We will now turn to look at one of these types of vocabulary knowledge, collocations, as it is very important for our accuracy in writing and speaking.
We use the term ‘collocation’ to describe two words that are frequently found together in a language. For example, we say ‘heavy rain’ but we don’t say ‘hefty rain’. Even though ‘hefty’ has a similar meaning to ‘heavy’, it never goes with ‘rain’ in English. Similarly, we say ‘weak coffee’ and ‘fast computer’, not ‘powerless coffee’ or ‘quick computer’. Learning collocations will help you sound more natural when you speak or write.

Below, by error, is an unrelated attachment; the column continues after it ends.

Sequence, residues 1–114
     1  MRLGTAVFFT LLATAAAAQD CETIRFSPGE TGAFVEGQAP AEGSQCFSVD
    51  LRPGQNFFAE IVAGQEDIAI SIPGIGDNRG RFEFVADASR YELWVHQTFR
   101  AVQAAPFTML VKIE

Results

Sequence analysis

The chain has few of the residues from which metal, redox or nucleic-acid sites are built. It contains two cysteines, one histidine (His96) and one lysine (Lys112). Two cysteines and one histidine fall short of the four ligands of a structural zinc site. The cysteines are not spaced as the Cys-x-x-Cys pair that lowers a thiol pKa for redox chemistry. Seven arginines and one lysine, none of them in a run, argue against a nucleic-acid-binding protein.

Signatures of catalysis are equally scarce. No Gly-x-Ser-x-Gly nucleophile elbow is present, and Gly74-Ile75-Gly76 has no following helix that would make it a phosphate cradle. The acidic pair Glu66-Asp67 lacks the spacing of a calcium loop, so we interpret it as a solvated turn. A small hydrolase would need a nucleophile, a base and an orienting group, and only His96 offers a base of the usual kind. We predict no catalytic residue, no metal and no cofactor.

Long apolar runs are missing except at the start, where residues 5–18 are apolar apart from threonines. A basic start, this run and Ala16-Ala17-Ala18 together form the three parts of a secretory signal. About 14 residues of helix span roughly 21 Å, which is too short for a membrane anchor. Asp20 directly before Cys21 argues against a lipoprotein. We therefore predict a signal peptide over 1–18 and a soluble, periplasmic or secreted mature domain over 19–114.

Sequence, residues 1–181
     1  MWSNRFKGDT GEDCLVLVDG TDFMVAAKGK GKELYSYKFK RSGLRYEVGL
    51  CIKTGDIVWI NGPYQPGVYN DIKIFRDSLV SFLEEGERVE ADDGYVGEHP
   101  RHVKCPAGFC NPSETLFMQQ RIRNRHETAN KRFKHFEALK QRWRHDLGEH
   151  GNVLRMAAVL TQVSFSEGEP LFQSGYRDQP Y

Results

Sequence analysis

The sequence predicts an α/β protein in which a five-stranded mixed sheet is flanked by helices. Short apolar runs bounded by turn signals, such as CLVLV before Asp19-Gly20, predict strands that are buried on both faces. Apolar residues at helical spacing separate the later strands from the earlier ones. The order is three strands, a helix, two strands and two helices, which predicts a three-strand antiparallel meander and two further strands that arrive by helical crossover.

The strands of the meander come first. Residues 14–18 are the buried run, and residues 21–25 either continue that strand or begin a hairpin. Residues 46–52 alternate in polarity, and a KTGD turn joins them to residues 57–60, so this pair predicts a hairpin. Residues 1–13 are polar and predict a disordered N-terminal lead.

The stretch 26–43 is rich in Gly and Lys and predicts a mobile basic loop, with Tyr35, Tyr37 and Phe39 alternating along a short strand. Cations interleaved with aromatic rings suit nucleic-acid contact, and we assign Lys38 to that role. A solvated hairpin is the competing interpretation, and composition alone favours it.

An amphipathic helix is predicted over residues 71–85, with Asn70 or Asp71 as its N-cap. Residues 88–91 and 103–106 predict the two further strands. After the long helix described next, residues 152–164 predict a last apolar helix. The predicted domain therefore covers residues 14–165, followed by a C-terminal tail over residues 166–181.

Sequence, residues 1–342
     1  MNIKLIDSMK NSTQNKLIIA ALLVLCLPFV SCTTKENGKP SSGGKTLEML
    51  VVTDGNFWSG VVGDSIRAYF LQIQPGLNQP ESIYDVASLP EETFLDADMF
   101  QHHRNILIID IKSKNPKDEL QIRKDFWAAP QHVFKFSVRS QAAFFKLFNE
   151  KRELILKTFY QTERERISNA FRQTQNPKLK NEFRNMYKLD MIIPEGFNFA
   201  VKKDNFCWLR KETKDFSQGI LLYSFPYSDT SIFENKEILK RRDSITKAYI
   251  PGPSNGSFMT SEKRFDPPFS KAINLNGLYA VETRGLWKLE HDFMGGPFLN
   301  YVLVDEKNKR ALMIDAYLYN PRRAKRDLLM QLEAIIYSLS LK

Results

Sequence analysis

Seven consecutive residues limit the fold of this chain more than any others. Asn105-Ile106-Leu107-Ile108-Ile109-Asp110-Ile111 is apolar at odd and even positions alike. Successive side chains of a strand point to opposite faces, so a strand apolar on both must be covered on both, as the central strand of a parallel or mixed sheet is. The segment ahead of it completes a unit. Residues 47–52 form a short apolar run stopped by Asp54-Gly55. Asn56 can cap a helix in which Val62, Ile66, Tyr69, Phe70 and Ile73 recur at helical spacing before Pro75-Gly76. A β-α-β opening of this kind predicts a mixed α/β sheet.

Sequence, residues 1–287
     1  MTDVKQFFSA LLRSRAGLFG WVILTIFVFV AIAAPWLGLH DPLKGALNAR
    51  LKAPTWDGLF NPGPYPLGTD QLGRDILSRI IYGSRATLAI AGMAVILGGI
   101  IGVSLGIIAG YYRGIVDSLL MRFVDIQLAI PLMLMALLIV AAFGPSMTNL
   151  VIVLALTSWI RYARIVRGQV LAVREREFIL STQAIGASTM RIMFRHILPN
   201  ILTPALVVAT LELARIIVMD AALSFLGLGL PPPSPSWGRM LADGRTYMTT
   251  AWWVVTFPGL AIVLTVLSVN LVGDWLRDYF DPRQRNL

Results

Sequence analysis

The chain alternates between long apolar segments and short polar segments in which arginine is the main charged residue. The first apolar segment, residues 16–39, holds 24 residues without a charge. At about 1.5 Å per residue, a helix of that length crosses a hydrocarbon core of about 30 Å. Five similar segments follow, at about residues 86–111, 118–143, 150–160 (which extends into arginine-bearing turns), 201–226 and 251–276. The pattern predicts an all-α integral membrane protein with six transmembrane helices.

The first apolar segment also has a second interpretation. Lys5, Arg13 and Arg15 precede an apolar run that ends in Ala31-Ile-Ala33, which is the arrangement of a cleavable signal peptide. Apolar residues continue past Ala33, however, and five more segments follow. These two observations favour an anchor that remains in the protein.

Task: Let’s do some practice with general English collocations before we move on to academic vocabulary.
As you can see from the examples in the task, collocations come in all kinds of grammatical relationships e.g. verb + noun, adjective + noun, noun + noun, etc., including prepositions and even specific forms e.g. ‘weather permitting’, not ‘weather permitted’. So, it is very important to learn how words in English are combined if we want to sound natural when we speak and write.
But, what about academic collocations? Is there such a thing? Let’s find out!